1)    Direct the child to your face by raising a toy that the child likes up to the side of your face, or right below or on top of your eyes.

2)    Reward eye contact with praise as soon as you see it happen.  E.g., “Great job looking my way!”  Also, the therapist could reward the child with something that they like.  E.g., use small stickers, or one piece of candy like M & M’s. Positive interactions help with carryover of learned behaviors.

3)    If the child is too uncomfortable to work on direct eye contact, change your goal to have the child look in your general direction instead of the floor or wall by them, or at a less message giving intense area of your body such as your forehead, right or left ear, or mouth.

4)    Use fun animal and people puppets.  Hold the puppets up near your eyes and practice conversational exchanges with the child using the puppets.  This is fun!

5)    Wear something interesting to attract the child’s attention your way.  E.g., silly looking eye glasses, a funny tie around your neck, or even put a funny sticker or temporary tattoo on your nose or cheek!

6)    Watch social videos together.  Any video where people are making a conversational exchange would be good.  YouTube is always a nice place to find free videos to be used for social skills sessions.  Just make sure to review the video prior to using it in therapy as the videos on YouTube are not always free of inappropriate behavior or words. Point out the positive things that you see in the video.  E.g., how the people are looking at each other, how they are answering each other’s questions, how they are enjoying each other’s comments etc.

7)    Let the child know that you are actually working on the goal of eye contact and that you are encouraging them to do the activity at least 10 times during your session. When a child “owns” their goal, they are usually more likely to try to complete it.

8)    Be a good role model for the child.  When you first see the child, make sure to look into their eyes to say, “Hello” and to look at them when saying “Good bye” at the end of the session.  Also, model good conversational exchanges when greeting their parents or teachers.

9)    Talk about the positive things that come out of having good eye contact skills.  E.g., how they will look more interested in what other’s are saying, how they may be able to hear things better the first time and as a result be able to follow directions and learn things quicker, and lastly, how the skill will be a wonderful one for them to have all throughout their lives to help them make friends.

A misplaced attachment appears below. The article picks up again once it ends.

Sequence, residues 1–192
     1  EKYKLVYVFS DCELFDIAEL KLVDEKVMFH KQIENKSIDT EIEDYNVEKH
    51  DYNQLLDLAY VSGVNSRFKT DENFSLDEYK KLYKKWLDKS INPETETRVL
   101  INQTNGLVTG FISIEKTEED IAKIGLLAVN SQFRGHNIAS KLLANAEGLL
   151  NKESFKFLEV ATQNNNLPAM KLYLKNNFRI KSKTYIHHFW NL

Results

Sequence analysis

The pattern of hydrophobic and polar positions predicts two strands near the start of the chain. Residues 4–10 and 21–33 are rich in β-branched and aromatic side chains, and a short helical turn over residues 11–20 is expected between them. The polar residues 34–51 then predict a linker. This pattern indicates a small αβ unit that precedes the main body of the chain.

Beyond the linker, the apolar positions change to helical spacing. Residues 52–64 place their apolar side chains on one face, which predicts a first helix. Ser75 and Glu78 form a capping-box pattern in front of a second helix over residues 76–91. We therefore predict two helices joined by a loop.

10) Practice eye contact using dolls and animal toys.  Put two toys next to each other and practice conversations with the animals or people and say things like, “Look how they are facing each other”, “Wow, they are watching each other’s eyes”.

11) Introduce the skill of looking into eyes by downloading the iPad app by Goetella called, “Eye Contact Trainer“.  It is a wonderful app that shows 23 random faces for 2 to 9 seconds at a time.  The child is asked to glance at the face shown to identify a shape that appears in the eyes of the people. I also like the, “Eye Contact Toy box” and the “Eye Contact- Zoo”; both are by Fizz brain LLC and can be found in your app store.

12) Mark up magazines by having the child circle the eyes of people in pictures.

13) Practice eye contact outside of the therapy room when they are ready.  First start with simple greeting exchanges with familiar people and then move onto conversational exchanges that you have practiced in the therapy room.  The child could practice these with their awesome eye contact skills first with a close friend, or relative and then later with a teacher or other student.

I hope that you may find some of these tips helpful.  Please let me know if you have any comments or questions. I can be contacted at: shandagaunt@gmail.com.  Also, my sister and I welcome a visit from you to our Twin Sisters Speech & Language Therapy blog or face book page.  Thank you for reading this post and a big thank you to Kelly for the opportunity to post at her wonderful blog!

P.S. Don’t forget to download the FREEBIE document featuring Mr. Eye Contact Owl.  Click here to download.

Manda Riebel, M.A.-CCC-SLP 

1 comment:

olkowskiscanlon said...

LOVE THIS POST! Some many fantastic recommendations. Going to try #11 and #12 with one of my clients :)